My life as a house husbandComment on this story
London - A mother eyed me curiously at my sons’ school fair, where I was manning the kitchen, baking baguettes and heating up soup.
“You-re a real Beta Male, aren-t you?” she said. For a moment, I thought I’d misheard her. “You mean a Better Male?” I asked. “No,” she replied. “A Beta Male, as in, not an Alpha. An Alpha Male would never be caught dead in the kitchen. Mine certainly wouldn’t. He’s a classic Alpha Male.”
I didn’t know how to take this. Was she insulting me, or paying me a compliment? There was no question, however, that she had a point: I’m not an Alpha Male. But I used to be.
Exactly one year ago, my 42-year-old wife Rebecca and I swapped roles.
I went from being a senior executive at a magazine publishing company to one of thousands looking for work after redundancy. Then I became a reluctant housedad to our three children - my stepdaughter Daisy, now ten, and our sons Tom, seven, and Sam, four.
At the time, I was devastated.
I loathed my new domestic existence, which required nothing more intellectually demanding than working out the settings on the washing machine.
I envied other people who had jobs and what I saw as purpose.
I envied my wife, for her success as a magazine editor, but, primarily, for her ability to bring home the bacon. All I was good for, it seemed, was cooking that bacon with a couple of fried eggs. Sunny-side very much down.
What I didn’t realise then was I was part of a growing trend - and that many men would chew their right arms off for the chance to do what I was resenting.
The number of men living as househusbands while their wives go to work has tripled in 15 years. A recent survey for insurance company Aviva suggested up to 1.4 million men in Britain were their children’s main carers.
Many believe that one of the reasons behind the trend is that society’s attitudes to the roles of men and women have changed. Among the fathers polled, 43 percent said they felt lucky to have the opportunity to stay at home and bring up their children, but 46 percent said the decision to stay at home was taken to allow the family’s main earner to keep working.
I fall into this latter category. Before my wife and I swapped roles, I had applied for dozens of jobs. I came close a couple of times, but ultimately failed.
And so, after nearly ten years as a mom and freelance writer, my wife started job hunting too - and was successful.
Our traditional views on what our roles should be - Mom at home looking after the children, Dad at work earning a salary to pay the bills - went out of the window. This wasn’t about ideology: this was survival.
And so my wife went back to the workplace, and I lived in denial for a while.
I didn’t want to accept that I was a “house husband”. The term brought to mind weirdy-beardy blokes knitting sweaters out of lentils and dressing their children in gender-neutral smocks. I didn’t want to be a part of that tribe. I wanted to work, earn my keep, maintain my status. Feed my ego.
So, for the first three months, I continued to apply for jobs.
In between loading and unloading the washing machine, ironing children’s uniforms, ferrying them to and from school and scraping fish fingers off roasting trays, I put together ideas and presentations for potential employers who had been kind enough not to write off my abilities at the age of 47.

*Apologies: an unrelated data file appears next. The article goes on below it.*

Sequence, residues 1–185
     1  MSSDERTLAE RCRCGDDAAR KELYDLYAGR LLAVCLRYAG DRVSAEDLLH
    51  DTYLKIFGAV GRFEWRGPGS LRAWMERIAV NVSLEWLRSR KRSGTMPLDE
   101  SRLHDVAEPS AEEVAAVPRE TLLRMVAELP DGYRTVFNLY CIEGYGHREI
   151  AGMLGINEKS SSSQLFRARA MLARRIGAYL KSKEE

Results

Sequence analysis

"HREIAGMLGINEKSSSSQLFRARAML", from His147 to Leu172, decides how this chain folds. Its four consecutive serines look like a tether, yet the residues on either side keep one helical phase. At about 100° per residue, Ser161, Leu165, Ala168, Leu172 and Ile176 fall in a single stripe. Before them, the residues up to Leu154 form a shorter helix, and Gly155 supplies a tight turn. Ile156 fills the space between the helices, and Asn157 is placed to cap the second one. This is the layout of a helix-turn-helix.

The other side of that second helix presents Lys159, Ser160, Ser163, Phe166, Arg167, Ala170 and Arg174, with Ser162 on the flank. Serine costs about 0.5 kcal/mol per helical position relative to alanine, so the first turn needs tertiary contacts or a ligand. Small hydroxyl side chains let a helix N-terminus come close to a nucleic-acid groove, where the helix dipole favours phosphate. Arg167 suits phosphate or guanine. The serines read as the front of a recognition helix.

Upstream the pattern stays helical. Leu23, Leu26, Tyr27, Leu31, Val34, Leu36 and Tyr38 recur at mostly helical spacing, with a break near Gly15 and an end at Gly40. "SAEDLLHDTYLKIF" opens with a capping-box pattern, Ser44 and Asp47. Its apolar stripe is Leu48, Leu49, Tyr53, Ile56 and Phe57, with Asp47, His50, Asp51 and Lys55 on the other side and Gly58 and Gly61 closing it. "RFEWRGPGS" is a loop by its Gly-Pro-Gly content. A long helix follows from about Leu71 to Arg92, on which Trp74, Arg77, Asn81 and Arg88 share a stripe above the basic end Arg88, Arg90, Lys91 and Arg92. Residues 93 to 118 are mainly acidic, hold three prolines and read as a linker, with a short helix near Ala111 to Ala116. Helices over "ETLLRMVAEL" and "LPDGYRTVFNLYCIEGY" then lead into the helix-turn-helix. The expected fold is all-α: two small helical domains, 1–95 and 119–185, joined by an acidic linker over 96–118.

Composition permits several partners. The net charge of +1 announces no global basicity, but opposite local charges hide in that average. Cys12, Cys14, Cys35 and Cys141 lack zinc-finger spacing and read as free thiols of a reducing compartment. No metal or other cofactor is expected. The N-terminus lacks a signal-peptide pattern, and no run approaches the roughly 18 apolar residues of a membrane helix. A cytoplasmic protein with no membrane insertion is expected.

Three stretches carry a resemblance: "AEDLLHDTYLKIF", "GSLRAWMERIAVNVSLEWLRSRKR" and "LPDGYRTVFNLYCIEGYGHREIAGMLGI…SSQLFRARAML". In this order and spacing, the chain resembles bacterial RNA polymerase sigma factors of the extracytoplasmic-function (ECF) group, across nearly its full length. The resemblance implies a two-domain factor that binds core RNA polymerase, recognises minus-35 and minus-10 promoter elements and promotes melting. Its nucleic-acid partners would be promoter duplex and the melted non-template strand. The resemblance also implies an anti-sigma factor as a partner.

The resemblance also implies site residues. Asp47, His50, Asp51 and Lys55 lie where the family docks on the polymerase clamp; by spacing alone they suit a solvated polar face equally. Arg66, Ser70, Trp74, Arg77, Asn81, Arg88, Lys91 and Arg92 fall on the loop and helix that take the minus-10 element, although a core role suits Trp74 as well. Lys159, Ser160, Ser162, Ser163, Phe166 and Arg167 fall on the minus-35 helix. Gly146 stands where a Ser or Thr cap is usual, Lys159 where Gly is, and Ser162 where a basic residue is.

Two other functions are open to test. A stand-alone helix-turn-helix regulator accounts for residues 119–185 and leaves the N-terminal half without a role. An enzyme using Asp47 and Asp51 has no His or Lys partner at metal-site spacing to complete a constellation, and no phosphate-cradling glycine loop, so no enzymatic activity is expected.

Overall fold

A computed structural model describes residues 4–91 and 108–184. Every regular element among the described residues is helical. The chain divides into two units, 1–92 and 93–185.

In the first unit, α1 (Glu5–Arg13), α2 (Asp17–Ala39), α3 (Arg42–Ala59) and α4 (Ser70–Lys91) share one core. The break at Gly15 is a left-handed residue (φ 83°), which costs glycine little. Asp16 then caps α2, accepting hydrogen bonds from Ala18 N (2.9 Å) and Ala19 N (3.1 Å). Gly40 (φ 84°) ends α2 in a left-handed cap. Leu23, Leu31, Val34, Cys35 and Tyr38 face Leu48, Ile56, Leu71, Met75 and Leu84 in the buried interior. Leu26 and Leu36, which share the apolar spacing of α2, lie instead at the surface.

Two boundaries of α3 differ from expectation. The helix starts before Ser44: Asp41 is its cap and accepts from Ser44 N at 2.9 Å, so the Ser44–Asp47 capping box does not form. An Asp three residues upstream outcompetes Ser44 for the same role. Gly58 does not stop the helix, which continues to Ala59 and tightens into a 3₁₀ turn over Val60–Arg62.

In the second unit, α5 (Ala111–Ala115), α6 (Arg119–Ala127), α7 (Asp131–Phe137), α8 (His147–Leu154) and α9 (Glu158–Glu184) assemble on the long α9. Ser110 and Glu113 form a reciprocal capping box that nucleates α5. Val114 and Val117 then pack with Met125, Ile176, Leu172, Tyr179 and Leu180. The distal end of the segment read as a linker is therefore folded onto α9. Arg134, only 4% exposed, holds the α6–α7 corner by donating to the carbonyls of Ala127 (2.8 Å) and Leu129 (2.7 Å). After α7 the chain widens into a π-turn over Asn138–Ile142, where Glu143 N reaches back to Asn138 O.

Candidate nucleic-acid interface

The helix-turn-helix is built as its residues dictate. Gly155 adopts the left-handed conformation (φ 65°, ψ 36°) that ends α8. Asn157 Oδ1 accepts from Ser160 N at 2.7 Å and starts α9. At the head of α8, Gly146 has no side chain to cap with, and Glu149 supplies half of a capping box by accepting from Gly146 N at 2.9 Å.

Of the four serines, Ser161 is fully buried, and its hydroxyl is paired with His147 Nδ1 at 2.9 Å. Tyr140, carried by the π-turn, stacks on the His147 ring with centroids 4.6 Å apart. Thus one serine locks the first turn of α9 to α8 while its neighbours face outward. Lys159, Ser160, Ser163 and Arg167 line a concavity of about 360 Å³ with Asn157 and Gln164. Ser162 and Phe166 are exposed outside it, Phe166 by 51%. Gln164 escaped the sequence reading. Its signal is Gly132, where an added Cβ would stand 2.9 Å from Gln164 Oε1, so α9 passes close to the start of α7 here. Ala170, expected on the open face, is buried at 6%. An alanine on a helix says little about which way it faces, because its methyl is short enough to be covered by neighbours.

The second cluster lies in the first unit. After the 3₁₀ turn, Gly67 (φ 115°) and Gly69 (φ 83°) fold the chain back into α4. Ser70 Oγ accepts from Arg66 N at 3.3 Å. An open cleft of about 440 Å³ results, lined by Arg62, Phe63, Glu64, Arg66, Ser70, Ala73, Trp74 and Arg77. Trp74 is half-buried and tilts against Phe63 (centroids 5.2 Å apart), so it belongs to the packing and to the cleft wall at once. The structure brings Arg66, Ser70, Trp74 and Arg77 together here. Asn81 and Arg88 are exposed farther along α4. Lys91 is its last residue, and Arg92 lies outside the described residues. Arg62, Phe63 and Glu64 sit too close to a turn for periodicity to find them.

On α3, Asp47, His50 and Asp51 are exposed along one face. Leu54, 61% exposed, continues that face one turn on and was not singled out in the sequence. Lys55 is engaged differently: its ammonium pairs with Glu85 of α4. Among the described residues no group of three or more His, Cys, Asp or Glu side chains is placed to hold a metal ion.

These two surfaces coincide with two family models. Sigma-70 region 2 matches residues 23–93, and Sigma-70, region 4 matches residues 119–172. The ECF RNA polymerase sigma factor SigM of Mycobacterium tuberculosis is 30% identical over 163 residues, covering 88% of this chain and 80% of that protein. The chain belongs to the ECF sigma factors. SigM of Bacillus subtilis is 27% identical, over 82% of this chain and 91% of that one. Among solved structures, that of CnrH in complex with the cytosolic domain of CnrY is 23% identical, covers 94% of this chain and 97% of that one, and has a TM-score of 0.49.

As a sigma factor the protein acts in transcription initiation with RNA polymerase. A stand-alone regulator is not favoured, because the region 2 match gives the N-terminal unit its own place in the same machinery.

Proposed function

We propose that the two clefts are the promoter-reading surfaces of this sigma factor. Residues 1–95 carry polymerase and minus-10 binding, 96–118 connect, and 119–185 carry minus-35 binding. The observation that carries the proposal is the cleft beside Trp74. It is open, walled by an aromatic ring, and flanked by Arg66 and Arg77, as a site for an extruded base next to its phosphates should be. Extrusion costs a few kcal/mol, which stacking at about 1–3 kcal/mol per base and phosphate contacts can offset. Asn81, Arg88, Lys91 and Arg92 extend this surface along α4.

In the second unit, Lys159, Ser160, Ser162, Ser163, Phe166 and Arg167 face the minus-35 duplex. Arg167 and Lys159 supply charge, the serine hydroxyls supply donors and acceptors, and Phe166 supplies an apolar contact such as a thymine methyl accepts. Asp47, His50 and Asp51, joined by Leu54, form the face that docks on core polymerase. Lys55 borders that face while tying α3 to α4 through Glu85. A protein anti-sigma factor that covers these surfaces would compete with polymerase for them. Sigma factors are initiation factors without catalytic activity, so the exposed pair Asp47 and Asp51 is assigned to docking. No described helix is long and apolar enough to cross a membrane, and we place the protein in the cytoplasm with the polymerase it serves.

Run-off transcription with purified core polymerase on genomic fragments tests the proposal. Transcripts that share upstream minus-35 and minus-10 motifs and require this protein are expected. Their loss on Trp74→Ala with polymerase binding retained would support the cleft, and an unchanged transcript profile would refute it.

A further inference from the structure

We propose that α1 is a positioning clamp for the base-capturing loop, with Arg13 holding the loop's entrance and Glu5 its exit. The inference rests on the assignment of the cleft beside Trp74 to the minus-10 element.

Twice I made it to a shortlist of two. Twice I got knocked back. And then, to my delight, I was offered a job. The salary was less than half what I was on before, but it was a job.
Then reality dawned: the salary wasn’t enough for my wife and I to swap roles even if she-d wanted to - which she didn’t. After tax and travel costs, I would have been taking home just enough to pay for childcare.
So, around nine months ago, I decided that if nobody else wanted me in their executive team, I’d create a position of my own. I’m now head of domestic logistics and child-related enterprise projects.
As soon as I changed my thinking about the hand that life had dealt me, I actually started to enjoy it.
I drew up a homework rota and called it the Housedad’s Homework Club. I taught my oldest boy to swim and cycle and, now, I’m teaching him how to play the guitar so he can become the rock god I wished I’d been.
I taught my stepdaughter how to help with the chores that are the bane of any stay-at-home-parent’s life. And there’ll be an iron in her brothers’ hands as soon as they’re old enough not to burn the house down.
While the children were at school, I started writing about my experiences for various magazines and websites.
But my biggest achievement has been becoming a half-decent cook.
My wife pays a monthly amount into my bank account, with which I manage the household budget. I plan meals ahead for the whole family, and I even bake for school cake sales.
At first the mums found me a bit of an oddity, but now I’m welcomed as “one of the girls”.
It took a while for me to get into the swing of my new responsibilities, however. Take, for example, the time I got a call from my son’s nursery.
“Hello, Mr Kendrick?”
“Your son’s here.”
“You’ve forgotten to collect him. It’s a half day today. We did tell you. He’s a bit upset.”
Time’keeping is not the only thing that’s sent me into a flap.
Other stresses have included emptying the washing machine to find the children have left tissues in their pockets; anything involving sewing (some things are, and must remain, women’s work - end of); and forgetting to buy cards and presents for my children’s friends’ birthdays.
Then there’s DIY.
I know men are supposed to be Bob the Builder clones, but I spent nearly 30 years in a job that largely involved tapping on a keyboard. Leaky bathroom taps are beyond my remit.
There’s also the more serious issue of the Green-Eyed Monster paying me a visit once in a while.